If you're familiar with JYT, it won't take long to realize that one of my niche clientele is Motocross and Offroad Racers. Since the beginning days of JYT, meaning my very first ever client being a Motocross Racer, I have worked with a lot Professional Racers and also very highly dedicated Amateur Racers as well. In this Lifestyle Blog, I'm going to share a few insights that I have gained throughout coaching these Professional Racers over the past 10 years. These pro's have been both Factory Riders as well as Privateer Riders. I spend more hours a week with these racers than you probably do with your best friend. And these same racers, I have worked with them for months to years on end. So I truly believe I get to have key insights to their careers. If you're a competitive racer, whether a beginner or someone not quite at that pro level yet, my goal is to give you some key insights on things that I've learned the pro's do, that maybe you can take away some value that you can imply into your very own racing program!
1.) They're Not Playing Any Games
Elite racers only care about making progress to achieving their goals. Just like when you watch them race, they're full go and they bring that mentality to their preparation. Whether it's on their bike or for themselves, they are willing to make whatever changes necessary to see the results they want. The only X-Factor is, they have to believe in it first. Once they believe that something will help give them an advantage (whether it's right or wrong) they will fully be locked in on it.
2.) They Do Not Accept Unorganized Preparation
One thing I've learned about Professional Racers, is when everything is a huge cluster heading into a race, they tend to stress out easily over these details. They expect themselves, their bike, and everyone else involved in their program to be ready to go well before they get to the race track. When things get pushed till last minute, you start to see anxiety levels rise in them, and you can see the frustration building when they feel like things are unorganized or being delayed. Some may take this is as them being dramatic (or whatever adjective people could use), but I see it as being a perfectionist and keeping expectations high.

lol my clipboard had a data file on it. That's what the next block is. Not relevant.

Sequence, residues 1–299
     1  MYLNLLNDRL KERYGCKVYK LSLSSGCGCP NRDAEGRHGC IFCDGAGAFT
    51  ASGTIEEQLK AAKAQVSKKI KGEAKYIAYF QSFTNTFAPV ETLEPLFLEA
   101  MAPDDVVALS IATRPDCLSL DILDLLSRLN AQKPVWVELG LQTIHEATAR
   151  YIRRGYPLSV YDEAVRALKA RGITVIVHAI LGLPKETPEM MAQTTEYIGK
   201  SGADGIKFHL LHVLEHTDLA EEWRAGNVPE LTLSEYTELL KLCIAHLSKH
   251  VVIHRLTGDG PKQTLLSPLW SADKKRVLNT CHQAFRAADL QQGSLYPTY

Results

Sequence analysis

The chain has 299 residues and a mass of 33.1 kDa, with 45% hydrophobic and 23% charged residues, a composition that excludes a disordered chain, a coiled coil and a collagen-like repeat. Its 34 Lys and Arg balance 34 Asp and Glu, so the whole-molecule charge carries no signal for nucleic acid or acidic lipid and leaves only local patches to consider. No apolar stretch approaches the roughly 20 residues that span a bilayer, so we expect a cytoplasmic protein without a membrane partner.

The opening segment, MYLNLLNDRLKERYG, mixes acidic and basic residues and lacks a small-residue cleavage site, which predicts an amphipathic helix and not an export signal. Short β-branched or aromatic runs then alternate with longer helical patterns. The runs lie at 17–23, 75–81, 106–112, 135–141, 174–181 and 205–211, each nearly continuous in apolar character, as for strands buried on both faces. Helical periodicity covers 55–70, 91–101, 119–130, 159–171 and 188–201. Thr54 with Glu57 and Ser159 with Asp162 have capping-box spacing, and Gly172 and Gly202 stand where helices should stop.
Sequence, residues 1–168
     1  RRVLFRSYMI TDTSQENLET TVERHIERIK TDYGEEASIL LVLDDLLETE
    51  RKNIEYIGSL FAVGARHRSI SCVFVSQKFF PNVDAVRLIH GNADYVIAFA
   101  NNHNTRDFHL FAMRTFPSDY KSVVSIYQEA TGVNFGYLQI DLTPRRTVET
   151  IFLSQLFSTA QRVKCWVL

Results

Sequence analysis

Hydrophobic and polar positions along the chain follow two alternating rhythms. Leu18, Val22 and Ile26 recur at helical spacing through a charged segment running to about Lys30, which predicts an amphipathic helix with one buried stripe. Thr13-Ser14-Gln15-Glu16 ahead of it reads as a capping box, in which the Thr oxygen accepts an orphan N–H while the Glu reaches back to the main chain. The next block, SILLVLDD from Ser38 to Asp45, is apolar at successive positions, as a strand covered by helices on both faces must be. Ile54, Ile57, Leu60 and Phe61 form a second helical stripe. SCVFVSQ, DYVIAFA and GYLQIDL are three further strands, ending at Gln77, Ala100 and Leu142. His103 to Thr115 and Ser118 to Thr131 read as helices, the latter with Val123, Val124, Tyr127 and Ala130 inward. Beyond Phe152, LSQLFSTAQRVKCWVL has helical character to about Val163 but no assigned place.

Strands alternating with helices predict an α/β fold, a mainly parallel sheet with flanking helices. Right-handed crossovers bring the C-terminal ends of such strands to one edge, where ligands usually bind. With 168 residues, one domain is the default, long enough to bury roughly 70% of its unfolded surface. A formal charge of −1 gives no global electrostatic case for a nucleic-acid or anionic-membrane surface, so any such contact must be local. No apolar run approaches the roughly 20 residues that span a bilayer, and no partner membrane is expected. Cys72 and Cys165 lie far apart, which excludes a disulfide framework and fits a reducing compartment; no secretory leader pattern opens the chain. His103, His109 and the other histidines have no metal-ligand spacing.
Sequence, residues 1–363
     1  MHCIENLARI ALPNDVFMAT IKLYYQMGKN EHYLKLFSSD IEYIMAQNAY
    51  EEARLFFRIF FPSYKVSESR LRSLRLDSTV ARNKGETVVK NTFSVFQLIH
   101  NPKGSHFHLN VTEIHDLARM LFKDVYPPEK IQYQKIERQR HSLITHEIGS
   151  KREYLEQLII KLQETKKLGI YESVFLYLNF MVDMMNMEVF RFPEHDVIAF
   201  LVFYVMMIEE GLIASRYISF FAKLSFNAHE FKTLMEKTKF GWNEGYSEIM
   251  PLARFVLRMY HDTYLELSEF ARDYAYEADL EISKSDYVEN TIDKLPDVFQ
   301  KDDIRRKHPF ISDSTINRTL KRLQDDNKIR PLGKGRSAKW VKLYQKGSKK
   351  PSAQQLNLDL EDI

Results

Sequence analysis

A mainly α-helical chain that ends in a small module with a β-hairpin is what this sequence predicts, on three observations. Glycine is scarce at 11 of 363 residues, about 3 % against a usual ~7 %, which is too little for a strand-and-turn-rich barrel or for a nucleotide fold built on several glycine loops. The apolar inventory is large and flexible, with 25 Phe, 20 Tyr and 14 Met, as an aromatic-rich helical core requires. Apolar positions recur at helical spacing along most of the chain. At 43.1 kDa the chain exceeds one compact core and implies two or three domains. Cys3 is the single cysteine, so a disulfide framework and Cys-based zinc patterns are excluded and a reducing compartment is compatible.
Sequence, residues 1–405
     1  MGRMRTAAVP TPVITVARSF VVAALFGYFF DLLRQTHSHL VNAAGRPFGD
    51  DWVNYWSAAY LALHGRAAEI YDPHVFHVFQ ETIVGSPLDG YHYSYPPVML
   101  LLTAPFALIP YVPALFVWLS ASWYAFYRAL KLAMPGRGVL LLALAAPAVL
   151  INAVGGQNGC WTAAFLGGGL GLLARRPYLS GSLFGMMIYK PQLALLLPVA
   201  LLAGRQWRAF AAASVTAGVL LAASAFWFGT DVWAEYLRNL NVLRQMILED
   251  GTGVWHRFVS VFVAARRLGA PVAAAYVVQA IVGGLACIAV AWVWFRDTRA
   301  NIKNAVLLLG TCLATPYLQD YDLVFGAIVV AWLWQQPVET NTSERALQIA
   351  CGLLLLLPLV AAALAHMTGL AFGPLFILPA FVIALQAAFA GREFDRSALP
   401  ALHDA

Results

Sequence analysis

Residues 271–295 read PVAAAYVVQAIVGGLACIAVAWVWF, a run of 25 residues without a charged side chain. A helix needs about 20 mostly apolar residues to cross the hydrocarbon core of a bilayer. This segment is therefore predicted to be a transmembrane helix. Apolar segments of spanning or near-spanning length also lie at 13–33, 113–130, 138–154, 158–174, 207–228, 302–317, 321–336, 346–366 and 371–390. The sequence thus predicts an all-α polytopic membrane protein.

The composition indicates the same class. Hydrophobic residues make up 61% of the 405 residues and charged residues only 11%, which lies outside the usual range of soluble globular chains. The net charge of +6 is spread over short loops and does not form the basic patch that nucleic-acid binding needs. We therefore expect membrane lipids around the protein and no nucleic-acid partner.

3.) They Outsource What They Don't Know
This one stems from #1, racers aren't afraid to ask for help when they know they need it. Whether it's hiring a Trainer, a Riding Coach, or seeking help to improve their bike, they're open for help and opinions to better their career. Most of the time, they're not worried about their pride and they are more concerned with their results. They know they do not have all the answers but are willing to find those who do.
4.) They Practice As Much As Possible
Pro Racers practice a lot. And a lot depends on who you're talking about if you're expecting me to throw out numbers right now. But most will practice at least a couple times a week for a couple hours at least. More if they are not in competition season. But you may think, as amateurs, practice would never hurt since this group of racers are not the ones who are experts on the bike. Yet a lot of amateur racers, only practice a handful times out the year and just focus on the racing part of it. But the guys at the top, practice way more than they compete. Look I get what you're thinking right now, you work, you have only one bike, and you're trying to get it ready just get to the races each weekend. But I'm just giving you the realization of how much emphasis they put into riding during the week and how much the pro's actually value the time of practice.
5.) They Will Die For Racing
When it comes to priorities, you better believe that racing is Top 2 in their life, 3 at the most. For the racers that are in the meat of their career, there is no other option of not racing, no immediate back up plans, it's racing over everything. This is what they were born for and they're trying to fulfill their destiny. They know they can get hurt, and that they eventually will, but that's deep in the back of their mind. It's do or die mode for them all of the time and they're willing to risk everything for the glory of winning.
I realize that majority of you reading this, are not a professional racers. And I'm not telling you to do what they do and live how they live. They are playing in a different ballpark than the rest of us riding our bikes for enjoyment. What's on the line for them, isn't the same as everyone else. But, if you're looking to improve at your riding/racing, maybe their are some small lessons we can take away from what the best in the world do. If they take these areas seriously, it probably wouldn't hurt to take these same areas a little more serious too if you're trying to improve your very own racing career.
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